# Differentiability in $\mathbb{R}^{2}$

Here is my question: Find all the points $\left ( x,y \right )$ in $\mathbb{R}^{2}$ where the following function is differentiable: $f\left ( x,y \right )=\left | e^{x}-e^{y} \right |.\left ( x+y-2 \right )$

The only thing that came to my mind is to distinguish three cases:$x> y$, $x<y$ and $x=y$. In each case the function $f$ can be written differently. But, no idea how to find the points where the function is differentiable. Any one can help?

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You know that $f$ is differentiable on the open set $\mathcal U=\{(x,y)\in\mathbb R^2, x\neq y\}$. So you have to look at the differentiability at $(x_0,x_0)$. Compute $\lim_{h\to 0^+}f(x_0+h,x_0)$ and $\lim_{h\to 0^-}f(x_0+h,x_0)$. – Davide Giraudo Jan 29 '12 at 20:52
@Davide Giraudo: I agree with the first part that $f$ is differentiable on the open set $U$. As for the limits, they are both equal to zero. Can you please elaborate more why do you have to compute these limits and how ...? – pin296 Jan 29 '12 at 21:19
Sorry I meant $\lim_{h\to 0^+}\frac{f(x_0+h,x_0)-f(x_0,x_0)}h$, $\lim_{h\to 0^-}\frac{f(x_0+h,x_0)-f(x_0,x_0)}h$ in order to see whether the partial derivative exist. – Davide Giraudo Jan 29 '12 at 21:21
@Davide Giraudo The first limit is equal to: $e^{x_{0}}.(2x_{0}-2)$ and the second one is equal to $-e^{x_{0}}.(2x_{0}-2)$. The only case where these two are equal is at $x_{0}=1$. What does this mean? Does it mean that $f$ is only differentiable at the point $(1,1)$? – pin296 Jan 29 '12 at 21:45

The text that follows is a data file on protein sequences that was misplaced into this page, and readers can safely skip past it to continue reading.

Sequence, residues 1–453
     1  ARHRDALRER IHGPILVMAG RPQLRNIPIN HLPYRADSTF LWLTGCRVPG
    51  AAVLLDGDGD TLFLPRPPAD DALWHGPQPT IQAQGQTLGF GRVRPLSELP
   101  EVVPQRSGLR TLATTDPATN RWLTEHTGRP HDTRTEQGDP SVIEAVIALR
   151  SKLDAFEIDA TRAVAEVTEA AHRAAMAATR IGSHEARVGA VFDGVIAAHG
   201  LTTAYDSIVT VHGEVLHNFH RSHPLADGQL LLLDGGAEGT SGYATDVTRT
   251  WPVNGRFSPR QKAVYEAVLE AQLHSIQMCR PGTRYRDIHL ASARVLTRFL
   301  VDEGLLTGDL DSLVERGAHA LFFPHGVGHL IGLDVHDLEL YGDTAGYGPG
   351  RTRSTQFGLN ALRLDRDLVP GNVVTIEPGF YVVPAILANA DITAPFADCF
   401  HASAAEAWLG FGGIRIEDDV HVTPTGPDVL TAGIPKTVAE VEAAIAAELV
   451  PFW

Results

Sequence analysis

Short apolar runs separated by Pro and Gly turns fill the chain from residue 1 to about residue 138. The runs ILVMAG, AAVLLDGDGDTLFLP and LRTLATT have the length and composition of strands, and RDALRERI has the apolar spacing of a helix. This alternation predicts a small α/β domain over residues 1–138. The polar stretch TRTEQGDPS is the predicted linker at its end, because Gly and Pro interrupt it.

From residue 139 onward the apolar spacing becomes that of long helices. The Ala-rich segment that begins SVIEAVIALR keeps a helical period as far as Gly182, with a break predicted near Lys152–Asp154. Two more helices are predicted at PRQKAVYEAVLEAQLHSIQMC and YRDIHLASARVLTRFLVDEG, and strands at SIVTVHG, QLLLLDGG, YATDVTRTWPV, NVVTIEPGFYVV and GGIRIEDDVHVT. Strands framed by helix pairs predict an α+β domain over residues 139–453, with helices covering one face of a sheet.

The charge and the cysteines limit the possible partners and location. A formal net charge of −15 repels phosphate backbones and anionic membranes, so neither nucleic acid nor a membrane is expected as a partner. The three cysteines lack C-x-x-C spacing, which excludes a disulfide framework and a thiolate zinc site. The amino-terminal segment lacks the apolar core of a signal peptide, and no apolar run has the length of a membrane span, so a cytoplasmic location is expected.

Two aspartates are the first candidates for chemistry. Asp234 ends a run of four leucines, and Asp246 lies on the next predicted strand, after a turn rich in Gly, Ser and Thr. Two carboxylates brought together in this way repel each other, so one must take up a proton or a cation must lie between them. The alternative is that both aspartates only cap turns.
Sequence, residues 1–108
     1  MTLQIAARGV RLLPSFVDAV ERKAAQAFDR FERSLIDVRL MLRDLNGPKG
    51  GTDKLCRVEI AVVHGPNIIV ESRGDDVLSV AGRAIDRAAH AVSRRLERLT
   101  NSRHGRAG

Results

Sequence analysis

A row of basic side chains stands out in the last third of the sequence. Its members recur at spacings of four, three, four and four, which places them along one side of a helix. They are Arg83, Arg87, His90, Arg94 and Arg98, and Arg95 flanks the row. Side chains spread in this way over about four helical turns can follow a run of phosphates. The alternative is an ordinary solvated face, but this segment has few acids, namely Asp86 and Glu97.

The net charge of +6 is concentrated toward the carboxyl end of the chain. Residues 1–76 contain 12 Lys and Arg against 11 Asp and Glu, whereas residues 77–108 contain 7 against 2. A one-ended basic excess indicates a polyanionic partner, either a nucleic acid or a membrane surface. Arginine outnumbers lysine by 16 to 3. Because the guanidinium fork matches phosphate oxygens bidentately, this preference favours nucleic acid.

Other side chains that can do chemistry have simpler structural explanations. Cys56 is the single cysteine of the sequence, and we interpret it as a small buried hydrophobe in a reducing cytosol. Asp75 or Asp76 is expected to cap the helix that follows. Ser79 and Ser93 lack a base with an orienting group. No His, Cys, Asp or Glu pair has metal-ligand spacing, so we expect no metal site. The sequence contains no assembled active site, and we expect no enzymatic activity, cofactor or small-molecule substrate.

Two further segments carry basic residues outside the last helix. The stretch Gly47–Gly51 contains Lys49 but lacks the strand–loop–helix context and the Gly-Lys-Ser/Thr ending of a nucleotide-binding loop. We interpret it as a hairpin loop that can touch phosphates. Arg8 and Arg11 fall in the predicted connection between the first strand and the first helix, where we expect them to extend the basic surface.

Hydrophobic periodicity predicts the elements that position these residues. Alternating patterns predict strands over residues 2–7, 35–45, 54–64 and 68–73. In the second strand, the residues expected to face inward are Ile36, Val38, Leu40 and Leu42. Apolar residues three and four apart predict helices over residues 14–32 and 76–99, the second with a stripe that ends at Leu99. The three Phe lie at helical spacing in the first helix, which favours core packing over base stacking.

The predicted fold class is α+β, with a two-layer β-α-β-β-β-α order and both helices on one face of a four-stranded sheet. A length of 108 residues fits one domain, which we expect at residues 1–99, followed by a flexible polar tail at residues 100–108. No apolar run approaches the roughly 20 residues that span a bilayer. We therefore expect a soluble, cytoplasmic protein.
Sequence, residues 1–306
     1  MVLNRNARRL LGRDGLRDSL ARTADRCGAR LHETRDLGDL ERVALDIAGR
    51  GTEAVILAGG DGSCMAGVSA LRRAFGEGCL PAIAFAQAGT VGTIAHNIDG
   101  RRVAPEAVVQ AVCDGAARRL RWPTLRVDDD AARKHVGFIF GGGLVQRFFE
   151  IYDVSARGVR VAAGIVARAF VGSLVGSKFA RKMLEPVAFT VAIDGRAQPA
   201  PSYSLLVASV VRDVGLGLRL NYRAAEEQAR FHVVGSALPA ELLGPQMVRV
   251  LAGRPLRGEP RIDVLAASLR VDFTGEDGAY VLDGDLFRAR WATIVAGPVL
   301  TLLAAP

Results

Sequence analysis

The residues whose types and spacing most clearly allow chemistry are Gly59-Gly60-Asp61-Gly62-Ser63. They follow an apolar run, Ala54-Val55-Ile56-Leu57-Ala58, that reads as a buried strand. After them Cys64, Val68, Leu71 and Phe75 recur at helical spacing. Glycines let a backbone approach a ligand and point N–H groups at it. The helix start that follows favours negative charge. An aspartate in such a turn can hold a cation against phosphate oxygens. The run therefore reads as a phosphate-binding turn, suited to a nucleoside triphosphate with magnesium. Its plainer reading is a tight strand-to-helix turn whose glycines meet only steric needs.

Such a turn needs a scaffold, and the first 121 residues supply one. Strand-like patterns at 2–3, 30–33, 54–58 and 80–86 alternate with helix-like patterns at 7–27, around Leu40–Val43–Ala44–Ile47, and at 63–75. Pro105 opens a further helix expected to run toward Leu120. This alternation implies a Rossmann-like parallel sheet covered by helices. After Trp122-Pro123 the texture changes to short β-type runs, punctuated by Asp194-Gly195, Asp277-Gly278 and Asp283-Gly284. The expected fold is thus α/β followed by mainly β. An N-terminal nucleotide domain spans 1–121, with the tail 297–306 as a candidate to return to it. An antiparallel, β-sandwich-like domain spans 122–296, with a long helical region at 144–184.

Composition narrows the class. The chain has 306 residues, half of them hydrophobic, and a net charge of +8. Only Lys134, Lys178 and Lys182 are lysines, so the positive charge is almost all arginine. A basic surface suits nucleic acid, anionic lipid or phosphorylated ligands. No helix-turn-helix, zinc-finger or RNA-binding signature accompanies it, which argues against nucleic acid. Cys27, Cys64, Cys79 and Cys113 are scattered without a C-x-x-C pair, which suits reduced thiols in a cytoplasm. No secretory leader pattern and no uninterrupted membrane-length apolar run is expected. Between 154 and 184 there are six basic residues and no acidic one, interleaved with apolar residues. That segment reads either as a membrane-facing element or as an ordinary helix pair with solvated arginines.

It means that $f$ has partial derivatives at $(x,y)=(1,1)$ (since the computation of the derivative in $y$ will give the same result). Now you have to check weather $f$ is differentiable at $(1,1)$. – Davide Giraudo Jan 29 '12 at 21:47

$f$ is differentiable on the open set $\{(x,y)\in\mathbb R^2\mid x\neq y\}$ as a product of such functions. Let $x_0 \in \mathbb R$, we look at partial derivatives at $(x_0,x_0)$. We have $$\lim_{h\to 0^+}\frac{f(x_0+h,x_0)-f(x_0,x_0)}h=\lim_{h\to 0^+}e^{x_0}\frac{e^h-1}h(2x_0-2)=e^{x_0}(2x_0-2)$$ and $$\lim_{h\to 0^-}\frac{f(x_0+h,x_0)-f(x_0,x_0)}h=\lim_{h\to 0^-}e^{x_0}\frac{1-e^h}h(2x_0-2)=-e^{x_0}(2x_0-2),$$ so $f$ cannot have a partial derivative with respect to the first variable if $x_0\neq 1$. For $x_0=1$, we can see that the derivative at $(1,1)$ with respect to $x$ is $0$, and the derivative with respect to $y$ is also $0$. $f$ is differentiable at $(1,1)$ if and only if $$\lim_{(x,y)\to (1,1)}\frac{f(x,y)-f(1,1)-\left(\frac{\partial f}{\partial x}(1,1)x+\frac{\partial f}{\partial y}(1,1)y\right)}{\sqrt{(x-1)^2+(y-1)^2}}=0.$$ Since $\frac{\partial f}{\partial x}(1,1)=\frac{\partial f}{\partial y}(1,1)=0$, we have to see if $\lim_{(x,y)\to (1,1)}\frac{|e^x-e^y|(x+y-2)}{\sqrt{(x-1)^2+(y-1)^2}}=0$. But $$\left|\frac{|e^x-e^y|(x+y-2)}{\sqrt{(x-1)^2+(y-1)^2}}\right|\leq |e^x-e^y|\frac{|x-1|+|y-1|}{\sqrt{(x-1)^2+(y-1)^2}}\leq 2|e^x-e^y|,$$ so the above limit is $0$.
Conclusion: $f$ is differentiable at the points $(x,y), x\neq y$ and $(1,1)$.
Here $(x,y)$ tend to $(1,1)$, not $(0,0)$, but making a substitution you can join this case even if it's not necessary. You can observe that $\frac{x+y-2}{\sqrt{(x-1)^2+(y-1)^2}}$ is bounded. – Davide Giraudo Jan 29 '12 at 22:36
Just notice that $\lim_{(x,y)\to (1,1)}|e^x-e^y|=0$. – Davide Giraudo Jan 30 '12 at 8:49